7. Art History

One of the worst degrees for getting a job in 2019 is in Art History. This is another narrow field of study that only prepares you for working in a museum or for teaching on the subject. The bottom line is that there are very few prospects for securing full-time employment with this degree. Many colleges and universities hire adjunct faculty on a part-time basis to teach for them. The average starting full-time pay for an Art History teacher is around $42,000 per year.

6. Art

A degree in Art is only useful if it is a specific type of art and you plan to become a commercial artist and have some other skills to go along with this degree. You won't find many advertisements for a degree in Art from employers, so the prospects are extremely low for persons holding this degree.

Forbes has also investigated the topic of the best and worst college majors for getting a job. They're known for distributing factual information based upon facts and figures, and we value them as a trustworthy resource. Here is what they have to say about the worst college degrees for finding a job.

5. Anthropology/Archaeology

While anthropology and archaeology are specific subjects and they can be intriguing for those with a passion for research fand exploration, it's important to make note of the fact that the average earnings of recent graduates are only about $28,000 per year. Graduates who already have work experience in these industries have an unemployment rate of 6.2 percent and the new graduates have an unemployment rate of a very high 10.5 percent. What this tells us is that the job outlook is poor with a degree in either Anthropology or Archaeology.

4. Parks Recreation

This is a degree that you don't see a lot of call for, and neither do the analysts. People who graduate with this degree and who have experience in teh field already have the potential to earn around $50,000 per years, but the unemployment rates for this group is 4.5 percent. If you're a recent grad with a Parks and Recreation degree, you can expect an average starting yearly wage of $30,000 if you can find a job, because the unemployment rate currently stands at 8.3 percent.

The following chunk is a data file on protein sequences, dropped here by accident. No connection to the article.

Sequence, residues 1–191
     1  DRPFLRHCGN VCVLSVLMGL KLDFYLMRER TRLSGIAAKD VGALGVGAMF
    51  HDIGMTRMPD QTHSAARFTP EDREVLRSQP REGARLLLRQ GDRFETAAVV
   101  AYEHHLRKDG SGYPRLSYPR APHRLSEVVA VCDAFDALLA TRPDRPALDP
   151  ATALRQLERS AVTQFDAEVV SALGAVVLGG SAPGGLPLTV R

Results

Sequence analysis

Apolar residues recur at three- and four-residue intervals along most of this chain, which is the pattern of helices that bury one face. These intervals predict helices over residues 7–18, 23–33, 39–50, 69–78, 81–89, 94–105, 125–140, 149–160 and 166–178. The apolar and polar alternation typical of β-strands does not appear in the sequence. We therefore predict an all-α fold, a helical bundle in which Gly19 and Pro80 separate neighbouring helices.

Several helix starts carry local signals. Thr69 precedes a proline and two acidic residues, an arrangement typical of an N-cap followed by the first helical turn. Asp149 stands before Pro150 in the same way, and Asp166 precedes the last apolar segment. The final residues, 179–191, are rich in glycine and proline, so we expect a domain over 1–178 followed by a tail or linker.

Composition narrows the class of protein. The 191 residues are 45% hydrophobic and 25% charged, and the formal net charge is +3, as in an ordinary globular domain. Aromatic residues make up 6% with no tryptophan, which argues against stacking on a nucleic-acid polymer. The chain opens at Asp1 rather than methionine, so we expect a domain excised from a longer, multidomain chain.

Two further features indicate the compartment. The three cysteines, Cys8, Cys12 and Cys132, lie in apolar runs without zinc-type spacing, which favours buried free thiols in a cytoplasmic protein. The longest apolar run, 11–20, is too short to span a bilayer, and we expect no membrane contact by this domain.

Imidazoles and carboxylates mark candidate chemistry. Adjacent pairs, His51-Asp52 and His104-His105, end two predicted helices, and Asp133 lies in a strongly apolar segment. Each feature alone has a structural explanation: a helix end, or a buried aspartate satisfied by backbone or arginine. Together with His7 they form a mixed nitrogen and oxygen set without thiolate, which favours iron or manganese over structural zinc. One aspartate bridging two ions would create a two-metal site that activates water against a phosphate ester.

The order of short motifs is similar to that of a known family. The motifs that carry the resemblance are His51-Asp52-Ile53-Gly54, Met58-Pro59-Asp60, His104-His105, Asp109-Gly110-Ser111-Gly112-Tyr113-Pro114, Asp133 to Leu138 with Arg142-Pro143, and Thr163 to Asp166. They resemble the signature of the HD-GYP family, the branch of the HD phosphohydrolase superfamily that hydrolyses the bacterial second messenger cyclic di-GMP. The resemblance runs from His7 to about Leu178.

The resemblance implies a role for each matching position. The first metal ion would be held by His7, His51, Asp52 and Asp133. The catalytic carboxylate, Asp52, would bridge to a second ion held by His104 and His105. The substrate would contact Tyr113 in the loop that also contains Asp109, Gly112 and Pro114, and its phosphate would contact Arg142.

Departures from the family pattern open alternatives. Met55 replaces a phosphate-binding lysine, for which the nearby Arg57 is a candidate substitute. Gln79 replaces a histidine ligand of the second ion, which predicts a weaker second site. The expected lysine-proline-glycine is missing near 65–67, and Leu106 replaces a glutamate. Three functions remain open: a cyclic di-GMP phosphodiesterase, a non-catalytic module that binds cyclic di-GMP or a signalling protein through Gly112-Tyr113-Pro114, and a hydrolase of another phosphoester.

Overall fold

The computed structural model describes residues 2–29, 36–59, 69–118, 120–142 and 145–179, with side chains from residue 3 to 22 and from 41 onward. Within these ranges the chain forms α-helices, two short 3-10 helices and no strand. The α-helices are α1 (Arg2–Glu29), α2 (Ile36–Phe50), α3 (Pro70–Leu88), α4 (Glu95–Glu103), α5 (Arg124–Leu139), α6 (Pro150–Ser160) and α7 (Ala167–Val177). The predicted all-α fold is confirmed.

3. Film, Video and Photographic Arts

This is another degree that has little to offer when it comes to securing a living wage in a new job. The average pay for recent graduates is $30,000, but the worst part is that recent grads have an unemployment rate of 12.9 percent. While those who are more experienced and were fortunate enough to gain employment make around $50,000 per year, the unemployment rate for this group is high at 6.7 percent.

2. Music

Are you planning on being a band teacher or a musician? This also is a narrow field that doesn't open up a lot of career opportunities. Recent graduates who secure employment only make on average $30,000 per year and the unemployment rate for this group is 9.2 percent. More experienced grads can make up to $45,000 but the unemployment rate for this group is 4.5 percent.

1. History

Just a simple degree in History, or even in a specialized history subject is another degree that doesn't open many doors. The average earnings for a recent graduate with a degree in History are around $32,000 and the unemployment rate is 10.2 percent. Those with experience can make up to $54,000, but the unemployment rate is 5.8 percent even among the more experienced.

Dana Hanson

Written by Dana Hanson

Dana has extensive professional writing experience including technical and report writing, informational articles, persuasive articles, contrast and comparison, grant applications, and advertisement. She also enjoys creative writing, content writing on nearly any topic (particularly business and lifestyle), because as a lifelong learner, she loves to do research and possess a high skill level in this area. Her academic degrees include AA social Sci/BA English/MEd Adult Ed & Community & Human Resource Development and ABD in PhD studies in Indust & Org Psychology.

Read more posts by Dana Hanson